The first time I forgot to take my mask off before using the facial recognition login to my Windows 10 computer, it wouldn't work (which I expected). After a couple times, though, it started logging me in before I had a chance to take my mask off. Is it a security issue that the facial recognition can recognize me with a mask? If, say, one of my brothers who look very similar to me (not that I have issues with them accessing my computer, but someone else might look sufficiently alike) were to put on a mask and wear my glasses, would the facial recognition know the difference?

I'd be interested to hear what exactly Windows Hello takes into account when scanning your face, that might help me know whether whatever is hidden by the mask is important to its algorithms. All that I can think of that's out of my mask are my eyes... Can it recognize me only from that? How accurately?

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    Just checking, are you sure your Hello uses facial recognition, rather than checking your retina? Some Windows Hello devices have cameras capable of retina scan (contrary to the movies, this doesn't require a visible red line panning over your eyes) and that would obviously not be blocked by a mask.
    – CBHacking
    Aug 7, 2020 at 6:21
  • Good question. It calls it "face sign-in," how do I know what it's using? It describes it as "recognizing your face" but that might include retina scanning. (If it helps, I have the Surface Laptop, 1st generation) Aug 7, 2020 at 6:51
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    Are you aware that Windows Hello uses IR, not a visual?
    – schroeder
    Aug 7, 2020 at 7:23
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    @CBHacking - I think you are confusing retina scan with iris scan. Iris scan can be quite secure and works with a camera. Retna scan is a laser and rather scary, I've never encountered a retina scan in real life. Aug 7, 2020 at 17:57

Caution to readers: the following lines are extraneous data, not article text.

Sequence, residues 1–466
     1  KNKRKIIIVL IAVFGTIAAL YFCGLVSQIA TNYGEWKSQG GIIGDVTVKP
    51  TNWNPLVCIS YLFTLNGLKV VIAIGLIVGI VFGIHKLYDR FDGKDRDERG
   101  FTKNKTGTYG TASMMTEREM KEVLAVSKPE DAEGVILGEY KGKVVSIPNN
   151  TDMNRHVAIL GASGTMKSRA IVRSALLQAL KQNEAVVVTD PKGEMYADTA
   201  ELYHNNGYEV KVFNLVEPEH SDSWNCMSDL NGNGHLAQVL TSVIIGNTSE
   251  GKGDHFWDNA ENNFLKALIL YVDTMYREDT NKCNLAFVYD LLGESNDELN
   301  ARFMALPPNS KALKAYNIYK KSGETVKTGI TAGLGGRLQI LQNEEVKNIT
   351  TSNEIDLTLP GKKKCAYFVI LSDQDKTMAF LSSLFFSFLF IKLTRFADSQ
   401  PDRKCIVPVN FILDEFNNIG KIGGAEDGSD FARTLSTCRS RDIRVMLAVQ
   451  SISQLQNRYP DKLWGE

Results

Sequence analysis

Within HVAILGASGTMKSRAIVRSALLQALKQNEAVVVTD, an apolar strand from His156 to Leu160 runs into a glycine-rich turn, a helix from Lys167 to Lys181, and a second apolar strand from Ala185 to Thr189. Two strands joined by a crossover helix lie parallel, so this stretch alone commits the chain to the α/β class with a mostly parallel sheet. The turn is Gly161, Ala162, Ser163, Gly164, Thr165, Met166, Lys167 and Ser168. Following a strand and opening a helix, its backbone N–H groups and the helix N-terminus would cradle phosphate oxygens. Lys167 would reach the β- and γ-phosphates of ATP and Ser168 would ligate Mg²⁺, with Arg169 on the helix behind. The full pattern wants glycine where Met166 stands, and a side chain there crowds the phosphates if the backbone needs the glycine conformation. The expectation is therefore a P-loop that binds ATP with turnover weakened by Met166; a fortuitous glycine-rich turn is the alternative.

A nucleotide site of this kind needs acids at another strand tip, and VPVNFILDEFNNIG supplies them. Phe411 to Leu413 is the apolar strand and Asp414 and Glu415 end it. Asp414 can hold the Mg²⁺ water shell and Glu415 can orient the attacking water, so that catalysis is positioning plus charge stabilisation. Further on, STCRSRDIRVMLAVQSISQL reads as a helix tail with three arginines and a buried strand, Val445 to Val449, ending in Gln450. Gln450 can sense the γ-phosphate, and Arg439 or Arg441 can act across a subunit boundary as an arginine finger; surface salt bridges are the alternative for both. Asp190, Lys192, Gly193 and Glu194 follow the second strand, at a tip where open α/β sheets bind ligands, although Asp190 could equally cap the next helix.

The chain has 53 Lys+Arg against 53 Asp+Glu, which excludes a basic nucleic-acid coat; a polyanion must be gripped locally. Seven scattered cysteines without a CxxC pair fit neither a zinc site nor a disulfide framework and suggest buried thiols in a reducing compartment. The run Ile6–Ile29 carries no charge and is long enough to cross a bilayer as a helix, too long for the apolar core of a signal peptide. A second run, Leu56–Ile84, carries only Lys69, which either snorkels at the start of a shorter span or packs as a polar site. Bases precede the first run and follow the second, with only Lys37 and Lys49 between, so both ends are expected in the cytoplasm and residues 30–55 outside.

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    Note that your brothers getting in may be possible regardless of whether or not it has learned to recognize you despite a mask. My 12 year old son is able to unlock my wife's iPhone via facial recognition. Facial recognition is still (IMO) in the early phases of development and is often fooled by family members - there are many reports of it. Aug 7, 2020 at 19:04

1 Answer 1


Any kind of biometrics (actually any measurement), including facial recognition, is subject to False Positives and False Negatives . In practice the algorithms are tweaked to favor one over the other as a function of context.

A super secure Alien Autopsy Lab at area 51 would favor False Negatives as the preference is to block even a few people who are authorized rather than take the chance of admitting uncleared people.

A general purpose user access system like Windows Hello favors False Positives because with a huge number of users (many millions), blocking out a significant percentage of valid users would be a firestorm of complaints.

I'm not sure of exactly what criteria Windows Hello uses, but it's almost assuredly very weak criteria.

As for IR, that's near infrared in the 1 micron region, i.e. barely redder than red. It's not capable of peering through a mask.

-- addendum --

Microsoft has some very specific statistics on these rates, but they are too specific to be reliable. Actual testing of facial recogniton systems vary widely, specifically they vary with Race and Gender so a single statistic is questionable.

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